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Tokenism vs. Representation In Films (And How To Tell The Difference)

Written by Tori Raphael. Published: June 06 2024
(Photo: A24)


It’s no secret that after the #MeToo movement, there was a cultural shift in the entertainment industry. Since then, Hollywood has been reconstructing all their media to fit a modern audience. Whether it was more LGBTQ+ representation, feminist female protagonists, or more racially diverse casts, Hollywood has been making changes to appease audiences. That said, one has to ask how much of this change is genuine and what good representation actually looks like. Having diversity for the sake of diversity without the nuanced perspectives of including diverse people behind the camera is a problem. Unfortunately, there has been a lot of tokenism with representation in the media. Tokenism is the performance of using underrepresented groups to appear more diverse, not necessarily having nuanced entertainment.




Hollywood has a history of making entertainment for white male Anglo-Saxon Protestant audiences throughout its origins. This flaw appears in Hollywood with the lack of female directors and people of color. Whether it was blackface or dehumanizing depictions of Native Americans, Hollywood has had little regard for marginalized groups in movies and television for a long time. While this problem has been historic, it is still ongoing, as undoing century-long bigotry is not easy. For example, it's been over 20 years since the first Black actress won Best Actress in a Leading Role -- Halle Berry. Additionally, no Black director has ever won an Oscar, and only 3 women have won Best Director. Behind the camera, there is still a problem with the diversity of creative talent. Although it has become much better in recent years, the lack of empowering unique film voices shows in the tokenism used in Hollywood.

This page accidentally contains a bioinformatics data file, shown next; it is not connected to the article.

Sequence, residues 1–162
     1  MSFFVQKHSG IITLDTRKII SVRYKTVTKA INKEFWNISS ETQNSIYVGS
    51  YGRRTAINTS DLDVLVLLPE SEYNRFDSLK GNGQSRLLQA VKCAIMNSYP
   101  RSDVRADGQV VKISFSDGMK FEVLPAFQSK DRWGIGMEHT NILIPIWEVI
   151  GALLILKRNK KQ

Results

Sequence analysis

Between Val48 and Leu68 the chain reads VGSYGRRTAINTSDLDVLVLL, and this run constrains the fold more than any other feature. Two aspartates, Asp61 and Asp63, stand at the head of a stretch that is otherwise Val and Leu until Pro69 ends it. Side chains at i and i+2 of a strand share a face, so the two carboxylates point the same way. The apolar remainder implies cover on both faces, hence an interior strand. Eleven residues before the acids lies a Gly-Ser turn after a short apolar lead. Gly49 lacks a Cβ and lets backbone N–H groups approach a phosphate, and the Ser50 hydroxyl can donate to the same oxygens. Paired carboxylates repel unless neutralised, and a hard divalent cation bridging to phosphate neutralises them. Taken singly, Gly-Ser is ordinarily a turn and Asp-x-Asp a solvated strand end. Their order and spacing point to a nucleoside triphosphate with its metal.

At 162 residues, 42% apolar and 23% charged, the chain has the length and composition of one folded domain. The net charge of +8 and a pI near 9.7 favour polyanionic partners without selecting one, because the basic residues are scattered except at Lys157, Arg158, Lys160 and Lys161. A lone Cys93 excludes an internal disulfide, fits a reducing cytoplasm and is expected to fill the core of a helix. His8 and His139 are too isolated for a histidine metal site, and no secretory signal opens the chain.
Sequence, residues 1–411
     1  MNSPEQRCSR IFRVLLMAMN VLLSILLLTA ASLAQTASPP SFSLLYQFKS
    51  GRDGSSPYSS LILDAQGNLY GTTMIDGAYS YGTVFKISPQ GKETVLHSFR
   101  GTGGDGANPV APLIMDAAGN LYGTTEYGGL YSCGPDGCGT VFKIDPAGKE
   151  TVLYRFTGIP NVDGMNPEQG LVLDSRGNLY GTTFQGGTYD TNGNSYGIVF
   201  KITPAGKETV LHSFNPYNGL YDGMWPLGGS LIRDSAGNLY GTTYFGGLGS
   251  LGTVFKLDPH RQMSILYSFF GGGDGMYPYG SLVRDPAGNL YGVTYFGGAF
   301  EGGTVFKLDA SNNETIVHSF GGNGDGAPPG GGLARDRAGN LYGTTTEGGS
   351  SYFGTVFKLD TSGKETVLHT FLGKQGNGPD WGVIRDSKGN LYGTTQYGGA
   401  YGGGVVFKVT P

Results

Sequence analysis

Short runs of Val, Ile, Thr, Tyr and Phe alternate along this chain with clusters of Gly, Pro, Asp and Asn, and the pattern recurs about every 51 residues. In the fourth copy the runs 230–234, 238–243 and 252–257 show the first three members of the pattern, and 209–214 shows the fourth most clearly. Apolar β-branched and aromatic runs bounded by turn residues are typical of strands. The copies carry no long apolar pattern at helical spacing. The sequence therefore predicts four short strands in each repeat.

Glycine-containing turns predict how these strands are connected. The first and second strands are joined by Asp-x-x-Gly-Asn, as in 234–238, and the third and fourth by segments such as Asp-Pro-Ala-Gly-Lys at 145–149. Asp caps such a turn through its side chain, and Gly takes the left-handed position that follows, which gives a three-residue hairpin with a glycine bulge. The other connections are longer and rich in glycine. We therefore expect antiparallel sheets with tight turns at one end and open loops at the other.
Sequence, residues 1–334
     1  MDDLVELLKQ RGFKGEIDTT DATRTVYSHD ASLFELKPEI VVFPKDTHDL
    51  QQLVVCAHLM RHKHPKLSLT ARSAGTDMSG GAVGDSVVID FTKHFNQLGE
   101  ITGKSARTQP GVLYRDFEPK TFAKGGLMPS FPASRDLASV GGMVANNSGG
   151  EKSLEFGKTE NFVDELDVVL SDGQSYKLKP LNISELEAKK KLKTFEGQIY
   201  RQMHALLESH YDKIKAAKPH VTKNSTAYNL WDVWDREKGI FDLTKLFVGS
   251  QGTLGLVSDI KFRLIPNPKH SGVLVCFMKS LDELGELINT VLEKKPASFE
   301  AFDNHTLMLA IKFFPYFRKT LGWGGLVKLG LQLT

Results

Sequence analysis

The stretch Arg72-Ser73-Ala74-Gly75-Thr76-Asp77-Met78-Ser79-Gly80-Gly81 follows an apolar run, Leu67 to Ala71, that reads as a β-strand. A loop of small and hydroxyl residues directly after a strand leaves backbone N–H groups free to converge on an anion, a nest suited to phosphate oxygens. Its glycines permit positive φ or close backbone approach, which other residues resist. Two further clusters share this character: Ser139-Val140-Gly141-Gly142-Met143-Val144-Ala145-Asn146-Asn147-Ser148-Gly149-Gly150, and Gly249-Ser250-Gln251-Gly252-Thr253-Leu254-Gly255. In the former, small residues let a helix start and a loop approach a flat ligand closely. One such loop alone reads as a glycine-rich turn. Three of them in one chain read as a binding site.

Where do we see tokenism today? When entertainment only hires a diverse cast to fill out a quota without considering the background of what they are representing, the character becomes flat, color-blind, or downright offensive. When a character is flat, the character is literally there for background purposes and does not add a unique voice to the media, such as we see in the most recent season of "Sex Education". In it, we are introduced to a deaf character played by a deaf actor (Alexandra James). And although this representation is important, her character was written poorly and sidelined within the show. The series seemed to only add them to have more representation, and not because they had a pressing storyline they wanted the character to be a part of. The character in the end gets barely any screen time and almost no character arc or plotline. 


So what does good representation look like? Good representation looks like stories empowering diverse voices within film and television. Marginalized characters should be portrayed as valuable, adding to the plotline, while also being interesting. A great example of this is the Oscar-winning movie Moonlight. Moonlight was the first of its kind, focusing on LGBTQ+ Black men living in Florida. The subject matter has PoCs at the forefront of the story on and off-camera as well, and the unique identity of the characters is central to the plotline of the story. 




Overall, as Hollywood begins to add more diverse cast members to their entertainment, we have to demand more diversity behind the camera as well. Additionally, the question we should be asking more is if whether we are getting more diverse stories along with our representation.